The Senate has just voted for a major shake-up of how members of the Red Chamber align themselves by allowing nine or more members to form a caucus, a substantial break from tradition that has historically seen the place organized along party lines.
A small but important step forward in my view, I continue to believe that we need this body to examine and offer revisions upon legislation proposed by the government (particularly majority governments) and any move to give more resources to “independents” and move away from partisan decisions is a good thing IMHO.


The motion directs the Senate rules committee to now formalize the changes, and then requests the internal economy committee — which effectively governs the chamber and adjudicates complaints — to draw-up budgets for these prospective new caucuses, to help hire staff for "secretariats" and pursue research projects. The motion was adopted by a voice vote, so it is not clear how much support it had from the existing parties.
Now if only “independent” and minority caucus's in the House of Commons could get equal access to resources for their MP's


Because he faced a significant list of vacancies when he assumed office, Trudeau has been able to appoint a large number of new senators in a relatively short time through a "merit-based" application process. In the last year alone, 27 senators have been appointed and a further 11 senators will be appointed by the year's end (or 38 out of a total 105 senators).
Virtually all of these new appointees have joined together with a handful of other senators — who left the Liberal or Conservative caucuses for various reasons — to create the Independent Senators Group (ISG) led by Alberta Senator Elaine McCoy, who acts as its leader or "convenor." (The caucus definition change also formally brings the ISG under the Senate's rules.)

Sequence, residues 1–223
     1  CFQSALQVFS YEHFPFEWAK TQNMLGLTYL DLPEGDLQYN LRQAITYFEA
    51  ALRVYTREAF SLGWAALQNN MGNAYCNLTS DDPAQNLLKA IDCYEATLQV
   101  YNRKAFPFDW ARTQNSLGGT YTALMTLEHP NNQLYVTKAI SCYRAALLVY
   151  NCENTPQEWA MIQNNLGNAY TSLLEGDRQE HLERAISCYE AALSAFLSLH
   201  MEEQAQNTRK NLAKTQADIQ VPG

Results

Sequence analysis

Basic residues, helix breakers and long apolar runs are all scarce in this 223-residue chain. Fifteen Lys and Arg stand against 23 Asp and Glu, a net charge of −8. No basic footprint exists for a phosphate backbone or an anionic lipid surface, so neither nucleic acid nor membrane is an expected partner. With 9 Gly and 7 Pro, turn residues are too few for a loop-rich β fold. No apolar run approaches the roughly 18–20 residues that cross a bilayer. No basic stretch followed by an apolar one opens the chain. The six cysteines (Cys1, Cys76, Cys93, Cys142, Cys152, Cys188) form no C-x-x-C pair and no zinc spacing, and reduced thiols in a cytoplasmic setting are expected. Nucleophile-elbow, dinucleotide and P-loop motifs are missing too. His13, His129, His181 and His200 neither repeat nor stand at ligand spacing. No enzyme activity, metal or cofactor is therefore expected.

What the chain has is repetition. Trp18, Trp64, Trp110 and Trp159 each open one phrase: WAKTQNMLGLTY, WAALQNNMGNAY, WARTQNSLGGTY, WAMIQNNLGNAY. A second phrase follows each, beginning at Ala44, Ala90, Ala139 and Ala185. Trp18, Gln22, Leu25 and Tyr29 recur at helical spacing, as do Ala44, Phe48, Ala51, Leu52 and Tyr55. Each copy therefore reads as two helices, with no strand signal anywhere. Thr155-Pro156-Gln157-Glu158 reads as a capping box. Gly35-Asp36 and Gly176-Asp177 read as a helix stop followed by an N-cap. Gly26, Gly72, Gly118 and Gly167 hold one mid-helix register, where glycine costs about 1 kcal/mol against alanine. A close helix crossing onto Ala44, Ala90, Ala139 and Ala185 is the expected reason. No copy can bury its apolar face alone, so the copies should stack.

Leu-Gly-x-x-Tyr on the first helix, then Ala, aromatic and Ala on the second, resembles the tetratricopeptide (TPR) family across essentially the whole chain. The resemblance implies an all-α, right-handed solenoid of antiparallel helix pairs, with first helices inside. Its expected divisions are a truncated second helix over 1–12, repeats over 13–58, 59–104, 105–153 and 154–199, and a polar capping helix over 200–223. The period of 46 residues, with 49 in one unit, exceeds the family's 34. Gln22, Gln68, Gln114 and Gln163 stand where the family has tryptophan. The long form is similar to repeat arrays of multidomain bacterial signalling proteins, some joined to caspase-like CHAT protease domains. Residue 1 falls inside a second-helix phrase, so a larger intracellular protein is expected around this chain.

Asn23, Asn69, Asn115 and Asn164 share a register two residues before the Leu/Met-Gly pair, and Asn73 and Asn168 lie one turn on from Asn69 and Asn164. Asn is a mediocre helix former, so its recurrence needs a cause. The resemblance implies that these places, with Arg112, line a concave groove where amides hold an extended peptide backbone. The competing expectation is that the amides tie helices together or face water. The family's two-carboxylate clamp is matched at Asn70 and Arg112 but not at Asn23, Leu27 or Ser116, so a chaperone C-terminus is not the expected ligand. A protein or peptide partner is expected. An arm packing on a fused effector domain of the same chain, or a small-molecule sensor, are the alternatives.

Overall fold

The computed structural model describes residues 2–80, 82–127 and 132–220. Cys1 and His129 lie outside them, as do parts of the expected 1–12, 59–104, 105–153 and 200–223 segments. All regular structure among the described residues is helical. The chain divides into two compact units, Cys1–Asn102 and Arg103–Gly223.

I note that Senator Elaine McCoy has been a self identified “independent” for many years, long before Trudeau started appointing “non partisan” senators.


Wells said while the new senators were appointed as Independents, they have since realized it is beneficial to caucus together to share money, staff and other resources.
I really hope this does not encourage the groups to morf into partisan voting blocks but simply encourages independent thinkers to cooperate and find consensus on matters of particular interest to them.





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Sunday, March 5, 2017

Preferential Ballot Recommended for New Brunswick

An independent commission on electoral reform in New Brunswick is recommending the province adopt a preferential ballot for choosing members of the legislature. The commission's report, released Friday morning, says that would lead to a legislature that is more representative of what voters want.